From the moment FIFA boots up youíll appreciate the new and improved presentation. Itís the same overhaul Madden received, putting pictures of various modes up on screen that you click on to get started. In the Madden review I referred to it as the ďPSN approachĒ, and it works as well in EA games as it does on the Playstation Store.
Career mode, where you take the role of manager or a single player, returns, and is more or less identical to last yearís career mode. If youíre playing as a manager thereís a new Global Transfer Network (GTN) to come to grips with. The GTN lets you hire scouts and send them all over the world scouting prospective players. You issue them with instructions on the kind of players youíre looking for, and they get back to you with recommendations.
Of more interest is the ability to scout youths as young as fifteen, in the hopes of securing the next budding superstar. Scouted youths show their overall rating as a range (e.g. 39-53), and have a potential range as well; the higher their potential the higher their overall skills can go.
FIFA Ultimate Team returns, and is just as fun as ever. If youíre unfamiliar with EAís Ultimate Team mode, it involves buying packs of cards that contain everything you need to make up a team Ė players, uniforms, managers and consumables to do things like buff your fitness or extend a playersí contract. The cards are your team, and you take to the field with them in online and offline matches, earning FIFA coins that are used to buy more cards in the process.
Itís all great fun, and unlike Maddenís version of Ultimate Team, the barrier to entry in FIFA is extremely low. Youíre given a starting team and if you work through a 13-step managerís challenge that covers the basics of the mode, youíll earn yourself a gold pack of cards. The various competitions available to compete in all have unique requirements, such as having a team of the same nationality, or only bronze-level cards, that have you tinkering with your side constantly.
Co-op Seasons, where you and a mate head online to take on opponents in 2-vs-2 matches, debuts in FIFA 14. Given the popularity of FIFA itís somewhat surprising this hasnít existed before, but itís better late than never and I can imagine plenty of people will love it.
If youíre new to FIFA make sure to check out the Skills Games, which cover just about every facet of the game in a series of increasingly difficult challenges. Dribbling, passing, shooting, defending, penalties, free kicks and more are all here. Many of the games are fun, though at the hardest difficulty they can become extremely tough.
Player physics is something EA has worked on improving in both Madden and NHL, and FIFA 14 is no different. Players move more realistically this year, and strength plays a bigger role than ever before. Stronger players will outmuscle smaller players regularly, taking the ball away from them almost at will. To combat this youíll need to make liberal use of L2, which protects the ball, putting your playersí back to the defender.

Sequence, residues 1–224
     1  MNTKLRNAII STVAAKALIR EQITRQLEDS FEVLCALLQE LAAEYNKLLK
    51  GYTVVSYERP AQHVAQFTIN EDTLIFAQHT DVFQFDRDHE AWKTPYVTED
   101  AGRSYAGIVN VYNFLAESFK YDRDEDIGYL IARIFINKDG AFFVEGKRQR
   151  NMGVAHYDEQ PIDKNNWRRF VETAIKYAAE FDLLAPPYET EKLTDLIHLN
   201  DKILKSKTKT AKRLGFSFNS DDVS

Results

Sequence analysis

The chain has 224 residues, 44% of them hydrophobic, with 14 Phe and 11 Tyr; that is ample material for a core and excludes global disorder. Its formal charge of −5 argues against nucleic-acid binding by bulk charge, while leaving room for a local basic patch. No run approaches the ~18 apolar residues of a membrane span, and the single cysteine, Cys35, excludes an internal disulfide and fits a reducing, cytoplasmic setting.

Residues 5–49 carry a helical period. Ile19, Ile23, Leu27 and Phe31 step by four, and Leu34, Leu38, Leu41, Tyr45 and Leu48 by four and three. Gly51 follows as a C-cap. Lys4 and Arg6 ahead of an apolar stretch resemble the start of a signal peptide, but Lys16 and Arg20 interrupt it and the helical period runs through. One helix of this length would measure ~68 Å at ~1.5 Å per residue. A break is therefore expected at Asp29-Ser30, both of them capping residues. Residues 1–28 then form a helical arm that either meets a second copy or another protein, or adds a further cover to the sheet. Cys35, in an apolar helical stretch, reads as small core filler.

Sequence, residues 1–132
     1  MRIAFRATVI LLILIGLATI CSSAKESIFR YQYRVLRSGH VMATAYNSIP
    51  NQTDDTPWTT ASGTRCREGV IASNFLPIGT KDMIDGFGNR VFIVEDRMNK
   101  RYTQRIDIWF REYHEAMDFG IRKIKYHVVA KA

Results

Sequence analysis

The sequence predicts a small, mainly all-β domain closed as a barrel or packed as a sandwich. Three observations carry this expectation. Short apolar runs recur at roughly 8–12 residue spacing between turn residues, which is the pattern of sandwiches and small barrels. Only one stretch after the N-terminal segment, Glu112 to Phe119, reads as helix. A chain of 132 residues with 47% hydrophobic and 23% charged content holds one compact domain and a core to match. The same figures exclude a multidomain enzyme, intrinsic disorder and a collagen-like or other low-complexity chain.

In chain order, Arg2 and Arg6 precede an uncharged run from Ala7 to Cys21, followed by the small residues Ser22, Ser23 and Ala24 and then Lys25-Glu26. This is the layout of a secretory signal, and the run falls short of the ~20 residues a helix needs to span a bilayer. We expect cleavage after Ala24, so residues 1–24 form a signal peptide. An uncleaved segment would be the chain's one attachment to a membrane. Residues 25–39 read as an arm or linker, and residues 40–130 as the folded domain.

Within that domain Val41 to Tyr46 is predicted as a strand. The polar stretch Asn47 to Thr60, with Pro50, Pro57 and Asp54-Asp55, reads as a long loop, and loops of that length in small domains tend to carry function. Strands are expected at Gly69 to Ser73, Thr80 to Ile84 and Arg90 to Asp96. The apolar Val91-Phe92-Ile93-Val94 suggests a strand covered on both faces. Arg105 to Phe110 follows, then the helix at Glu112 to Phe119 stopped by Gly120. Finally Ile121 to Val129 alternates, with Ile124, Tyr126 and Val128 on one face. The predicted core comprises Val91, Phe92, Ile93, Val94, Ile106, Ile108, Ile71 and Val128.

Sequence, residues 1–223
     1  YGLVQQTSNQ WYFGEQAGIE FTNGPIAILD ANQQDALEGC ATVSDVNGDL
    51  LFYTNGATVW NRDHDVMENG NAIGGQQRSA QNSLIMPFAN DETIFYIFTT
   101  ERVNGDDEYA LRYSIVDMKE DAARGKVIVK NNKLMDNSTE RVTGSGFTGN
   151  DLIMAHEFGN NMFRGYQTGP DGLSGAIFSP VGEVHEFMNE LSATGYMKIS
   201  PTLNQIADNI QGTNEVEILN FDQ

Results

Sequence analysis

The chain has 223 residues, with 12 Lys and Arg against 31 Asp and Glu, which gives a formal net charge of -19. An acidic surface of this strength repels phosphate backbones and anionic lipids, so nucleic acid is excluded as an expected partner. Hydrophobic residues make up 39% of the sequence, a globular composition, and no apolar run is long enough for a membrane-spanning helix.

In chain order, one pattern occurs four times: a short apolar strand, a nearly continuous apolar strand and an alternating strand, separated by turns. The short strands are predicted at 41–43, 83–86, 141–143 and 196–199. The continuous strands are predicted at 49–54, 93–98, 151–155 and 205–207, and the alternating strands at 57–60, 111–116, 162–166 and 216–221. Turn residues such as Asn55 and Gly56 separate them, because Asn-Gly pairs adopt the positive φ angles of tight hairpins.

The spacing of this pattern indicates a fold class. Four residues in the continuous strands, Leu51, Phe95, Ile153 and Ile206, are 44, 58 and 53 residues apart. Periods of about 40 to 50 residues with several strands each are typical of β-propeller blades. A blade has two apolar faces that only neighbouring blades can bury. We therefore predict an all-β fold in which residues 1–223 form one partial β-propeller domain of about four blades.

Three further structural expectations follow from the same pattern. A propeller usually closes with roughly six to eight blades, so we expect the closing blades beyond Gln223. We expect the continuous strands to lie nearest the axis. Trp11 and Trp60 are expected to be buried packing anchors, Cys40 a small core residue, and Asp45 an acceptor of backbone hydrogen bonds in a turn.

The ball also moves more realistically if EA are to be believed. Certainly there are slightly more shot types available to you, and lobbed passes look a little different (flatter maybe?), but the changes seem small enough that unless youíre really looking for them you wonít notice. Generally speaking the changes to physics and momentum make the game look and flow more realistically, though occasionally it does feel overdone.
And that last part leads me to the first of two issues I have with FIFA 14, that is, somehow I found the simple act of dribbling the ball less satisfying than last year. Your players seem content to let the ball get too far away from them, even when not sprinting, giving defenders ample time to take the ball away. In cramped confines itís almost impossible to keep the ball away from defenders as your players simply donít have the necessary ball control.
The second issue is more fun than the first, and a lot has been made of it online already. That is, finesse shooting and headers are both overpowered. These are more of an issue online than offline, where a single moment can ruin hours of progress in a tournament. In offline play it can be fun to muck around with these techniques to try and run up a score against the CPU.
Aurally I didnít notice the music as much this year as last, though there are still some decent tracks in the game. There are only a few bands I recognize Ė Nine Inch Nails and Bloc Party for example Ė but the soundtrack is padded by decent tunes from bands I havenít heard of. The excellent commentary of the inimitable Martin Tyler and Alan Smith returns, without major changes. Thatís fine Ė their work remains among the best in a sports game, and is leaps and bounds ahead of that found in Madden, both in overall quality and accuracy.
EA Canada has done a credible job backing up last yearís exceptionally successful title with FIFA 14. It is by no means a major step forward from last year, but the changes to physics and momentum, along with improved presentation make it just enough different to be worth your attention. That said if youíre not a huge soccer (ok, football) fan and you have FIFA 13 you can probably wait until FIFA 15 (or maybe FIFA 14 on PS4).
Review By: Mike Allison